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Open Access Research article

High incidence of prostate cancer metastasis in Afro-Brazilian men with low educational levels: a retrospective observational study

Alexandre Barbosa Câmara de Souza1, Hugo Gonçalo Guedes1, Victor Carbone Bernardes Oliveira1, Fábio Aires de Araújo1, Carlos Cesar Oliveira Ramos2, Karina Carla Paula Medeiros1 and Raimundo Fernandes Araújo1*

Author affiliations

1 Department of Morphology, Federal University of Rio Grande do Norte, Natal 59072-970, Rio Grande do Norte, Brazil

2 Doctor Luiz Antonio Hospital, Natal 59040-000, Rio Grande do Norte, Brazil

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Citation and License

BMC Public Health 2013, 13:537  doi:10.1186/1471-2458-13-537

Published: 4 June 2013

Abstract

Background

This study investigated factors related to ethnicity and educational level, their correlation with tumor stage at the time of diagnosis, and their influence on treatment outcomes in patients with prostate cancer.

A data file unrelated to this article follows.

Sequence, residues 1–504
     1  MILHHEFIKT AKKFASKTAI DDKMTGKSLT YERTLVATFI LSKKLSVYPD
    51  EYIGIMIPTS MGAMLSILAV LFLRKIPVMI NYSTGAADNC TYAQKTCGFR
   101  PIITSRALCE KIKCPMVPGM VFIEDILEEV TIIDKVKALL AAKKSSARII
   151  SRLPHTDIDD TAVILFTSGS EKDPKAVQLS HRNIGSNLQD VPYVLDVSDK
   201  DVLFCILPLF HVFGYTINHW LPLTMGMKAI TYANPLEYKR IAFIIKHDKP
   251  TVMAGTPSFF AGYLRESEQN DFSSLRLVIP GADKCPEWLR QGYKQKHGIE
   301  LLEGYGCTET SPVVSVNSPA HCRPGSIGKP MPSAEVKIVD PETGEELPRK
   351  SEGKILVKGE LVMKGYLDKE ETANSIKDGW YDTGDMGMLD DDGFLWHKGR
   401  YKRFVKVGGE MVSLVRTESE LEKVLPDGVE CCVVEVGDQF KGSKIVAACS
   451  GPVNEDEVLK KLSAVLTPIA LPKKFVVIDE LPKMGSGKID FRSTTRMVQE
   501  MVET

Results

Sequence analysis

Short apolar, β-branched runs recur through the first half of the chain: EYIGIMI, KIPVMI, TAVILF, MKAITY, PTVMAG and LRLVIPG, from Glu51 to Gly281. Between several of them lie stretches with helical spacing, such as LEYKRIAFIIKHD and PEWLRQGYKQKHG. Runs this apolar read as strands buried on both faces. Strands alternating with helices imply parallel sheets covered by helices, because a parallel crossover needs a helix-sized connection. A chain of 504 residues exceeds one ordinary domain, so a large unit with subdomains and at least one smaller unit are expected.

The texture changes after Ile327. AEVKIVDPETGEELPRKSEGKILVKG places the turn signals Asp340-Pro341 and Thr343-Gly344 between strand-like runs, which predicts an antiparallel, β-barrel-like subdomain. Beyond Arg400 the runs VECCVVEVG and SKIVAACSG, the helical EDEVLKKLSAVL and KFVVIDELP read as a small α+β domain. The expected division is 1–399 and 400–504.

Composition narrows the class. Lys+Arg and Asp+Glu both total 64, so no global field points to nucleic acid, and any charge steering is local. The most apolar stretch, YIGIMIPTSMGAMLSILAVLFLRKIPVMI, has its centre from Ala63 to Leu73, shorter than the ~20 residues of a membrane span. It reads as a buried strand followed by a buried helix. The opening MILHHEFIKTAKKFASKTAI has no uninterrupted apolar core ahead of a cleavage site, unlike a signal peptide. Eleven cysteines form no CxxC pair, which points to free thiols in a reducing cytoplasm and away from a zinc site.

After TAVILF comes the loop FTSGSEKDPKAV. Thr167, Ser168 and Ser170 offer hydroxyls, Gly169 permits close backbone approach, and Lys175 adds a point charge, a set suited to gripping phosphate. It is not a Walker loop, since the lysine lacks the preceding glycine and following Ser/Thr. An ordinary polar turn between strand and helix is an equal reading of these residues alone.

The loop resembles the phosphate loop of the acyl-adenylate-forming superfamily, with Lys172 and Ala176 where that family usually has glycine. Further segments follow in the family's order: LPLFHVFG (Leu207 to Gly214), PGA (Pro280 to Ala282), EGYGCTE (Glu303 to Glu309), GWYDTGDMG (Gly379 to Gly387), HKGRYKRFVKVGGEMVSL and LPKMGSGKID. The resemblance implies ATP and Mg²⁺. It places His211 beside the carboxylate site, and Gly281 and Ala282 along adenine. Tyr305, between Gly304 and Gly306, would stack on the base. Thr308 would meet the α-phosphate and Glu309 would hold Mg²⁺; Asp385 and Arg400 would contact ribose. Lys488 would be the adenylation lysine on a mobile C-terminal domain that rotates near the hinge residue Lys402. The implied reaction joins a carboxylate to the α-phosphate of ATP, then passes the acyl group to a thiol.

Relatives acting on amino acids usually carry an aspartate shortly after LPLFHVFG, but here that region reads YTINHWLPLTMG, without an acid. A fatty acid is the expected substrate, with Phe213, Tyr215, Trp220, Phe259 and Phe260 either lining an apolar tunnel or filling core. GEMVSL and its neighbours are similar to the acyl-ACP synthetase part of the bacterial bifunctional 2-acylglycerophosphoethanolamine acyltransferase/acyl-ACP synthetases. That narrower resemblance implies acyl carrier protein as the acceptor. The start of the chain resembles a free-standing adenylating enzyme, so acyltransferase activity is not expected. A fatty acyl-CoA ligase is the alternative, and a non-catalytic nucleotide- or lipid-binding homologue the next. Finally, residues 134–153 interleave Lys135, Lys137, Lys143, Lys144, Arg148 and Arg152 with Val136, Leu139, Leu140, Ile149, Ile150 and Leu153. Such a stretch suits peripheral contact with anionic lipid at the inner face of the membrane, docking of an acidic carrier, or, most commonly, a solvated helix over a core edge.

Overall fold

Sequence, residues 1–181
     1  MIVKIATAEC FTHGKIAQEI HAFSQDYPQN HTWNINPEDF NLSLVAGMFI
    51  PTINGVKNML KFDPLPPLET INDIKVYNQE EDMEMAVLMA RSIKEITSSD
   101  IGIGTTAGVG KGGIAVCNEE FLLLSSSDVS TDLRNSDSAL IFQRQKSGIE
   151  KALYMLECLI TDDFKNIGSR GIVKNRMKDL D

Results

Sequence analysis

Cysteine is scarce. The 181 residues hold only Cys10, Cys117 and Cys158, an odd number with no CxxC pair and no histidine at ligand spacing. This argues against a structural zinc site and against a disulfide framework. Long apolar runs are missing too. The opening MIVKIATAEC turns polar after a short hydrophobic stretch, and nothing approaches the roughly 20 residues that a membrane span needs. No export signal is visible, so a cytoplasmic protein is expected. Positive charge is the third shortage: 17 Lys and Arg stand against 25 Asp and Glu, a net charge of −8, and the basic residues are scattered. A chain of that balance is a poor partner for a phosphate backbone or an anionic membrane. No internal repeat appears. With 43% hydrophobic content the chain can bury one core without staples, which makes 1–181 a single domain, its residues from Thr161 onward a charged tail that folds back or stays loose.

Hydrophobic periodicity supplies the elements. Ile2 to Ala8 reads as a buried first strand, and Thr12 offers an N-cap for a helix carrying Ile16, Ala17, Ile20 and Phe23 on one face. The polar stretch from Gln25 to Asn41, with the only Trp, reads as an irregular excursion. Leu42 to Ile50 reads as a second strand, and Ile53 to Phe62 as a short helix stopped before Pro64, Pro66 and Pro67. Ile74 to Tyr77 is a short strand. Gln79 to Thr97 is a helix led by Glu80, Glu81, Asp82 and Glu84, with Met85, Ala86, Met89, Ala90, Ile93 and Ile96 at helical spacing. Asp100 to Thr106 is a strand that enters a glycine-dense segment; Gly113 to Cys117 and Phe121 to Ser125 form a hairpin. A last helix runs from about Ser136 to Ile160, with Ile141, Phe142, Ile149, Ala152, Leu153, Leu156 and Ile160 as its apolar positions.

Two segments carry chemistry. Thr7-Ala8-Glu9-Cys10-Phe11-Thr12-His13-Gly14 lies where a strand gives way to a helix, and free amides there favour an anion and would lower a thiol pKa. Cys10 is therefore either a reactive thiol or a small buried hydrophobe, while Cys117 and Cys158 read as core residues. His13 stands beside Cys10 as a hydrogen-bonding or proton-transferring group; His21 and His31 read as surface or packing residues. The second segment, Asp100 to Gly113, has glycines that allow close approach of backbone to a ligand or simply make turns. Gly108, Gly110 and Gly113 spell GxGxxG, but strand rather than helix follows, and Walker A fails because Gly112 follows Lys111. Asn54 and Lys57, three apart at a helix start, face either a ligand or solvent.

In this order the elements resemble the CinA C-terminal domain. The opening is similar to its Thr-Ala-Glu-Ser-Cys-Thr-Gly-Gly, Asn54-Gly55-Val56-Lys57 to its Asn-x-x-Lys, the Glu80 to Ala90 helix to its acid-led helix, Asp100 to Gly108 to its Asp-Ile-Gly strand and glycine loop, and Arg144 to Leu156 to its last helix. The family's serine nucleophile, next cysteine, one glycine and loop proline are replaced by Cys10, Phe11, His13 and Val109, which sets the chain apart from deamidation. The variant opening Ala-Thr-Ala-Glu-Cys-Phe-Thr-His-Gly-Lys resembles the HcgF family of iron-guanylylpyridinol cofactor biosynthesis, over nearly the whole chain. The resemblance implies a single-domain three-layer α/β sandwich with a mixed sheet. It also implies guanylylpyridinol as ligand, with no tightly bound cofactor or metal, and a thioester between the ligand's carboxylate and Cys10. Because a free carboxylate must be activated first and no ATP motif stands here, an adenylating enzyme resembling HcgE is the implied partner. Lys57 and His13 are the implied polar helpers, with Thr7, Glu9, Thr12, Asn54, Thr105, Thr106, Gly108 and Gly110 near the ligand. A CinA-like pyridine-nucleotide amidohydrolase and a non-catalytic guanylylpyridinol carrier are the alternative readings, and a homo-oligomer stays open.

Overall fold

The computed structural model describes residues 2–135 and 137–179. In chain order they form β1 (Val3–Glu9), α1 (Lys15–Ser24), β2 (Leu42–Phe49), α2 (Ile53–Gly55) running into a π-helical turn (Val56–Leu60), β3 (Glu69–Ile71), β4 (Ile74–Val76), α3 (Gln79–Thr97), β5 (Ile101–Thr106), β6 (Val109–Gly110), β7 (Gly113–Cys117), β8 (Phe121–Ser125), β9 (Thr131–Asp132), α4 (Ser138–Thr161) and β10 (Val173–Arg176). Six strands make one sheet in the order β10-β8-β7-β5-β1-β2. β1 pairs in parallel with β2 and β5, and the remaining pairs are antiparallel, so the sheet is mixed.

Methods

In this retrospective observational study, we analyzed the medical records of 1,349 male patients treated for prostatic adenocarcinoma. We collected information about sociodemographic variables, including educational level and self-reported skin color. We also classified the disease according whether it was to more likely to present with metastasis and measured the tumor response to treatment.

Results

Less-educated (<8 years of education) individuals were 4.8 times more likely to develop metastasis than those with more education (>11 years of education; p < 0.001). Similarly, patients with a self-reported black skin color had a 300% increased risk of metastasis at diagnosis (p = 0.001). Distant metastasis was independently correlated with worse outcomes, such that individuals with distant metastasis were 10 times more likely to die than were those without distant metastasis.

Conclusions

Patients with self-reported black skin color and <8 years of education were more likely to display advanced disease at the time of diagnosis compared with their counterparts. Only the presence of metastasis was independently associated with mortality or progressive disease.

Keywords:
Epidemiology; Prognosis; Prostate cancer; Risk factor; Educational levels